I finally got it together to take some (admittedly meh) pictures of what I’ve been making, so let’s take a look.
Here’s the finished vest; if you recall, the two front pieces are corduroy, and the collar, back, and lining are a drapey poly/rayon, all from the stash (pattern is Butterick 6383). I like the drama of this style–and LOVE the fabrics–so I will wear it, but NOBODY better say a thing about clown collars.
I had planned to wear this with a black turtleneck, but it looked much better over the red. What it REALLY needs, actually, is the same top, but in maroon, which would coordinate better and not upstage the corduroy so much. Will keep my eyes open for something like that.
Also, I didn’t realize it until I saw the pictures, but the neckline is a bit wide on this. I’ve already overlapped the fronts more than the pattern called for–it was pretty huge. I took advantage of the roominess of it to just sew the button through all the layers; this is one of those rare and beautiful instances where the lazy sewing method is also the more attractive one, as my machine would have made a mess of a buttonhole on these fabrics.
(Side note here: does anybody understand the logic of when Big 4 patterns include a lining and when they just have facings? I lined this and I actually think it was a lot easier than the big hassle the instructions put you through to face all those raw edges. Are a lot of sewers intimidated by linings, so they avoid them?)
I am much more enthusiastic about the red jacket, though it took me a while to get there.
Pattern is Butterick 5689 (out of print, but available on Amazon), fabric is 2 1/2 yards of fuzzy red fleece from SCRAP. Total out-of-pocket cost for this was about $13.
Apparently, I like living dangerously, because I cut this out on the day after the election. I was in a state of horror/grief/shock, and I knew I shouldn’t take on grading a pattern in that frame of mind, but I did it anyway because I couldn’t bring myself to care about screwing it up. I also didn’t cut this thick fabric in a single layer like I should have, because keeping track of that was more than my brain could handle. I’m frankly a little bit amazed that all the pieces actually fit together like they were supposed to.
I constructed it in a similar mental state, and I now have no idea how all those front pieces go together (this jacket is a lot more complex than it looks), but I just followed the pictures carefully and it worked. I had graded up a bit, but I wound up taking out the extra in the side seams.
The biggest problem I had was with the collar. I continued the front topstitching all the way around the base of the collar, hoping to hold the facing down, and that was a mistake. All it got me was a weird lump under the collar that kept it from lying down flat. Once I removed the extra topstitching and slip stitched down the facing, the whole area looked better. I also put in some thin shoulder pads. The collar still wants to flip up, but it’s getting better each time I wear the jacket.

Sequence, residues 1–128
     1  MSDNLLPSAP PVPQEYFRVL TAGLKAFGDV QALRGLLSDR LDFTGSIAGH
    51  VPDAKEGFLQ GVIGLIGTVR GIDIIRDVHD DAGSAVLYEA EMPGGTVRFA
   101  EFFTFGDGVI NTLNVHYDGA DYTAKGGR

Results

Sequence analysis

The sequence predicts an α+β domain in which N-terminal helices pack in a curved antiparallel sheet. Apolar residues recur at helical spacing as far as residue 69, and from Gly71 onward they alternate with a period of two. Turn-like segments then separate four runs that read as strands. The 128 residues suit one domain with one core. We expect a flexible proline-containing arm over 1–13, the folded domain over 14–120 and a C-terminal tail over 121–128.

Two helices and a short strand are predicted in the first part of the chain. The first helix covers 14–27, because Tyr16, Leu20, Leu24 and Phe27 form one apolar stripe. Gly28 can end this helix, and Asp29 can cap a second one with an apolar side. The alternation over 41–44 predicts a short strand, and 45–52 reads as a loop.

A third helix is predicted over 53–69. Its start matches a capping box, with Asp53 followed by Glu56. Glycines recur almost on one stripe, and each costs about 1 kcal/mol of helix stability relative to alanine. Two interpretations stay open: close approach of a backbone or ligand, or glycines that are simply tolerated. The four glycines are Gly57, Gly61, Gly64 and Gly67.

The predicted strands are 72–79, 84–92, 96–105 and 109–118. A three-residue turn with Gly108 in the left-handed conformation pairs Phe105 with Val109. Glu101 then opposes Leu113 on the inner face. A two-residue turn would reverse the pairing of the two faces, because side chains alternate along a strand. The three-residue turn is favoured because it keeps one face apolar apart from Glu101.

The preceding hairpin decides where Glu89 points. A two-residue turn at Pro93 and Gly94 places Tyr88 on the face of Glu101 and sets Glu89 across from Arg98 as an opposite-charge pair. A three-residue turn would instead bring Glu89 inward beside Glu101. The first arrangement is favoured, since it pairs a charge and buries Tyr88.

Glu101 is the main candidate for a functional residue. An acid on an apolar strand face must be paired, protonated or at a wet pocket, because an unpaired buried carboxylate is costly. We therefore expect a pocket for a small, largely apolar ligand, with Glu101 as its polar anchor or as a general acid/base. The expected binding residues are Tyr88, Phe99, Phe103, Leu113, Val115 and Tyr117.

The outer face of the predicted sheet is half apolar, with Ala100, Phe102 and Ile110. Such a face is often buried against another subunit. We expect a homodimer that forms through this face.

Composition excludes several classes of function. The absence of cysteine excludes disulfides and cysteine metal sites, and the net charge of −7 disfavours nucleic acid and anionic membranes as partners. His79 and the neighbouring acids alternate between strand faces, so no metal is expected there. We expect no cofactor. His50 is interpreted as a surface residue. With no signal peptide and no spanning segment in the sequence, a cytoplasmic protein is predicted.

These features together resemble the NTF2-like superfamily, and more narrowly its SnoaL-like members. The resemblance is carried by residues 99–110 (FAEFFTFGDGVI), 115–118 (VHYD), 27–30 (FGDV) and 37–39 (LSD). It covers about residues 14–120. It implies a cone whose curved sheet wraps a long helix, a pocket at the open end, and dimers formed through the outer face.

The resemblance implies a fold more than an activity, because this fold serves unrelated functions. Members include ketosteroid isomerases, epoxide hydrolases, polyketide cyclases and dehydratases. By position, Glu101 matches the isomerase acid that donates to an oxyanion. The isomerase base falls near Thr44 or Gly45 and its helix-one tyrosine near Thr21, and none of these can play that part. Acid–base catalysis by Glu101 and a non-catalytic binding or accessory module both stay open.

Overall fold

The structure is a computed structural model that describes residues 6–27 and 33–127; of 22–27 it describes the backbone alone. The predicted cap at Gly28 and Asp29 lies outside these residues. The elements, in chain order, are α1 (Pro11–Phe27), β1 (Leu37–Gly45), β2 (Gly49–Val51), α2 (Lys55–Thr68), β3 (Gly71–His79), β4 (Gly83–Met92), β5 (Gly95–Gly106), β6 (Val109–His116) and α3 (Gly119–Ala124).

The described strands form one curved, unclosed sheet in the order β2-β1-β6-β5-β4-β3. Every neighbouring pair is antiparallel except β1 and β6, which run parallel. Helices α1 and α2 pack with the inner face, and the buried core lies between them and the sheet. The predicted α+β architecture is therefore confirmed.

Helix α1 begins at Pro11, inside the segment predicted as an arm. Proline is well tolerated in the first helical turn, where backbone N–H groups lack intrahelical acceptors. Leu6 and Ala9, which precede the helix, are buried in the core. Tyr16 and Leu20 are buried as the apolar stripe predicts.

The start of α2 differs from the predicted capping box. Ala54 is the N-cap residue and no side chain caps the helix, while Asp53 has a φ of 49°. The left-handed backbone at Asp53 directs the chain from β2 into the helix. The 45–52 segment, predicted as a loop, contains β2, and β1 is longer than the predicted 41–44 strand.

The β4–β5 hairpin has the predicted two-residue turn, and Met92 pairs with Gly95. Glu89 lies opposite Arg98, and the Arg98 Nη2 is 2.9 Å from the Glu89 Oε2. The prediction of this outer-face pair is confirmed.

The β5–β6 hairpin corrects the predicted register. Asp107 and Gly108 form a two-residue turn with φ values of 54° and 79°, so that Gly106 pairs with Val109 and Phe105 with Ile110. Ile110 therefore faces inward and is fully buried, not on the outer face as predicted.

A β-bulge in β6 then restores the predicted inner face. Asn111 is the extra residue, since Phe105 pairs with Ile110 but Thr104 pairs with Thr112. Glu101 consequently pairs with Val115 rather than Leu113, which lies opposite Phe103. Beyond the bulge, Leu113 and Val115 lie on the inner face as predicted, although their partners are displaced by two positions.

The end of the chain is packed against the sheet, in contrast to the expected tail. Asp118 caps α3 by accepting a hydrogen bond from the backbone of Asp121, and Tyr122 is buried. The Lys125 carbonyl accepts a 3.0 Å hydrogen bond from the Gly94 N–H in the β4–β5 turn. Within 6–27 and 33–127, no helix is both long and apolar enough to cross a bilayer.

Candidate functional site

That wearing business, though, that’s turning out to be surprisingly fraught. I haven’t actually managed to wear this jacket anywhere other than the mailbox yet. It turns out that the taboo status of red from my childhood is still stuck in my head. Yep, I know it’s nuts, but I just seem to keep finding reasons to NOT wear this. That’s why it keeps getting worn out to the mailbox–I’m trying to get used to that color, that particular color that nice Catholic girls just DO NOT wear. Though I am crazy about bright colors, I thought for a long time that I didn’t like red. It was a big deal a couple of years ago when I made the red knit top that I’m wearing with the vest in pics above; I only had that fabric because it was part of a Freecycled bag of fabric, as it wasn’t something I would have ever bought for myself.
Another problem with wearing the jacket is that I wasn’t sure for a while if I liked it. It’s a little bit unstructured and droopy; my partner said it reminded him of a bath robe, which happened to be exactly what I had been thinking as well. But I wore it today–to the mailbox, of course–and decided that unstructured was a perfectly respectable thing for a jacket to be, especially if said jacket is as soft and cuddly as this one. So one of these days I will actually wear it someplace other than the mailbox.
In the meantime, my partner’s new fleece cycling jersey is all done, except for the new top stops for the zipper that I am waiting for UPS to bring me (why yes, the need for top stops was discovered the hard way). And the Hello Kitty pullover is coming along. It is easily the goofiest thing I have ever made and ZOMG I FREAKING LOVE IT SO MUCH.
I hope you all are getting down with your goofy selves, and wearing all the colors, too.